KAMPALA – Theft and vandalism are some of the reasons why Uganda’s electricity sector has failed to bring down energy losses blamed for high electricity tariffs.
Energy losses are the difference between the energy produced and purchased by the distributor and sold to the final consumer.
The cost of energy that is not accounted for after purchase by the electricity distributor is unfortunately passed on to the final consumer.
Because the utility provider must purchase enough energy to cover someone’s estimated consumption -including energy lost – this loss gets divided and passed on to customers.
While the Electricity Regulatory Authority – ERA has been pushing the electricity distributor to bring down the power losses to a single digit, it seems unlikely that they will comply given the rise in vandalism in 2022; low investment in transmission and distribution networks; and electricity oversupply.
ERA in March 2022 said energy losses were been fluctuating between FY2016/2017 to FY2020/2021 from the lowest of 17.1per cent to 18.4 per cent.
Umeme – the main power distributor, last year said it managed to reduce electricity losses from 18-17 per cent. Umeme attributed the decline to a result in an investment in transformers and matching them with demand. But that was still far below the 9 per cent reduction, which ERA suggested. The concern about energy losses keeps on emerging whenever players in the electricity sector discuss tariffs.
According to the Ministry of Energy’s budget monitoring report for 2019, Uganda’s tariffs have been progressively rising from year to year, partly due to the high level of electricity losses, which are ‘a combination of technical hitches, power thefts, and non-payment of bills.’
According to Uganda Electricity Distribution Company Limited – UEDCL Managing Director, Paul Mwesigwa – energy losses from the distribution side is what is received from the transmission network but not consumed.
“If transmission dispatches 100 units and the final consumer takes 83, the difference is the energy loss. But this is a cost to the sector and the population at large,” said Mwesigwa. ERA in 2021 said Uganda Electricity Transmission Company Limited –UETCL energy purchases amounted to 5,024GWh with sales of 4,818GWh.
According to the Ministry of Energy, UETCL was paid Ugx30b in the financial year 2018/19 for deemed energy.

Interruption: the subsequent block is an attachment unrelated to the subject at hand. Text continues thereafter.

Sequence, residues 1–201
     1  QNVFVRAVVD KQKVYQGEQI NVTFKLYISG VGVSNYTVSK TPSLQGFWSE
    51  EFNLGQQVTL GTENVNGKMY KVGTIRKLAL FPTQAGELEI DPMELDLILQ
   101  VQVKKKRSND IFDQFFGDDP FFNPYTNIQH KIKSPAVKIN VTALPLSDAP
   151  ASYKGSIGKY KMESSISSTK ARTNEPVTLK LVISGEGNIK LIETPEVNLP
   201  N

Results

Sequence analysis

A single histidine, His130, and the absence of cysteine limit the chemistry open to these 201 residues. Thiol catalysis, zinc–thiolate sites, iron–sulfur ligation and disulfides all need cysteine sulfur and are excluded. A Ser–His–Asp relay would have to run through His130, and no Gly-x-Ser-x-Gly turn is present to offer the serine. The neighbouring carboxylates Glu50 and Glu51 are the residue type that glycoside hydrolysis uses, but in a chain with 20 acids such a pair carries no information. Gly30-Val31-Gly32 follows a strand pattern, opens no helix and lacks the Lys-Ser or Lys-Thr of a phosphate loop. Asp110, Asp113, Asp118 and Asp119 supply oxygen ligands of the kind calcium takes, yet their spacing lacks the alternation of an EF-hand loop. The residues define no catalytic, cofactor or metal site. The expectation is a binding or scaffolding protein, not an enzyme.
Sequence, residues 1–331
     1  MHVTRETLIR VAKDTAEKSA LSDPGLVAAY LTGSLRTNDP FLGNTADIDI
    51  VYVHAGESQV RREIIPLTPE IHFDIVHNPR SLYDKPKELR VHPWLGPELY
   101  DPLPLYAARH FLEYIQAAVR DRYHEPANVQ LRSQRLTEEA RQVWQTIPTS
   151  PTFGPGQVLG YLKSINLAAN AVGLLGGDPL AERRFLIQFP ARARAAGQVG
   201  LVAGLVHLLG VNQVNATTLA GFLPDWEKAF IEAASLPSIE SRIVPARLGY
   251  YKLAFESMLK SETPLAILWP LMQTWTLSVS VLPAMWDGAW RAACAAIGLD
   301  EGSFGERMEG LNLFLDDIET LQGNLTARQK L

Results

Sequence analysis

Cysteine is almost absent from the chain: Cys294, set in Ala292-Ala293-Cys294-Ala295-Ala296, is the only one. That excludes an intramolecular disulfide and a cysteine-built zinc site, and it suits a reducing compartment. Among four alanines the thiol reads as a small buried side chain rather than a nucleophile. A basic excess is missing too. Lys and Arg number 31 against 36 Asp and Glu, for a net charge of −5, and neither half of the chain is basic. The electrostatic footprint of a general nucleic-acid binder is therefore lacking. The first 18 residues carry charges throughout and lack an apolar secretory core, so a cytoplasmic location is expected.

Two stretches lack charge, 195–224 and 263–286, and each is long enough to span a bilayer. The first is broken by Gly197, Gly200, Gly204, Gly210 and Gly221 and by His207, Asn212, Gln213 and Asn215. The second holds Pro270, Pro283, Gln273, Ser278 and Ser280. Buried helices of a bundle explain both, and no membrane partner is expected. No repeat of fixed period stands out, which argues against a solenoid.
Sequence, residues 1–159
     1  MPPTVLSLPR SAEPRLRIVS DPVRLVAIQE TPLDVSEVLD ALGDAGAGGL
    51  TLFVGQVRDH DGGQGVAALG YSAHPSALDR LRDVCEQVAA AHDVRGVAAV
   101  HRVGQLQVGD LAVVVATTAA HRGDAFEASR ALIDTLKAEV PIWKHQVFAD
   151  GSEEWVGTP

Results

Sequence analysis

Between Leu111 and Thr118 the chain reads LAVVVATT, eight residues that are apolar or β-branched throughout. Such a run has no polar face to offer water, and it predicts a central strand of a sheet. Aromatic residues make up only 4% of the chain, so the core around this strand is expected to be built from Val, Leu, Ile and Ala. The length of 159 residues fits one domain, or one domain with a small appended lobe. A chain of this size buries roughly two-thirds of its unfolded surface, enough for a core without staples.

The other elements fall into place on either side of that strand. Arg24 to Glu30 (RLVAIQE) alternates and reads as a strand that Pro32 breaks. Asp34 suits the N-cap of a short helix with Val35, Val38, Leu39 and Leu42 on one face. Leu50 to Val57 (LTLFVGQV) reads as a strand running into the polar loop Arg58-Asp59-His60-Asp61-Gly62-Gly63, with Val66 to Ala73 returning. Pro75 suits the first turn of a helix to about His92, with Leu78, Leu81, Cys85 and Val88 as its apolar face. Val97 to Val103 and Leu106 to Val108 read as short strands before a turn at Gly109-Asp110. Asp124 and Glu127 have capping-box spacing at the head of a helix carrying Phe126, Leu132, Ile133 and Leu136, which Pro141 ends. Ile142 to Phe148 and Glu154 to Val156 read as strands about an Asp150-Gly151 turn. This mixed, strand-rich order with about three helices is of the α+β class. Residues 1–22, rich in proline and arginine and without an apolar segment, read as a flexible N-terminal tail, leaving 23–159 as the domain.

Transmission energy losses are computed as the percentage of energy purchased but not sold. The transmission energy losses kept fluctuating over the five-year period with the lowest in 2019 at 3.6 per cent and the highest in 2021 at 4.1per cent compared to a globally acceptable rate of 2.5 per cent.
Is there a solution to energy losses?
According to Mwesigwa, the losses emanate from commercial and technical losses.
“There are those externalities that happen on the network that causes energy to be lost and then there is a challenge of vandalism,” he said, adding: “If a network is partially vandalised it can continue dispatching energy. But it causes elements of bad workmanship.”
Electricity transmission and distribution networks have recently been targeted by vandals pursuing underground cables, pylons and transformers.
UEDCL Chief Engineer, Protaze Tibyakinura observes that vandalism in the past eight months had caused a lot of pressure on electricity transmission and distribution infrastructure.
“This vice has caused, and continues to cause, a critical challenge to the utility operators,” he said.
Tibyakinura hopes that the newly amended Electricity Act would help in the fight against vandalising of the transmission and distribution networks and thereby reduce energy losses. The Electricity Amendment Act of 2022 introduced tougher penalties like a Ugx1b fine, or 25 years in jail, or both for anyone who is found guilty.
Vandalism of transmission and distribution infrastructure is not only being experienced in Uganda. A number of countries in Africa are battling the vice, especially targeting renewable energy projects.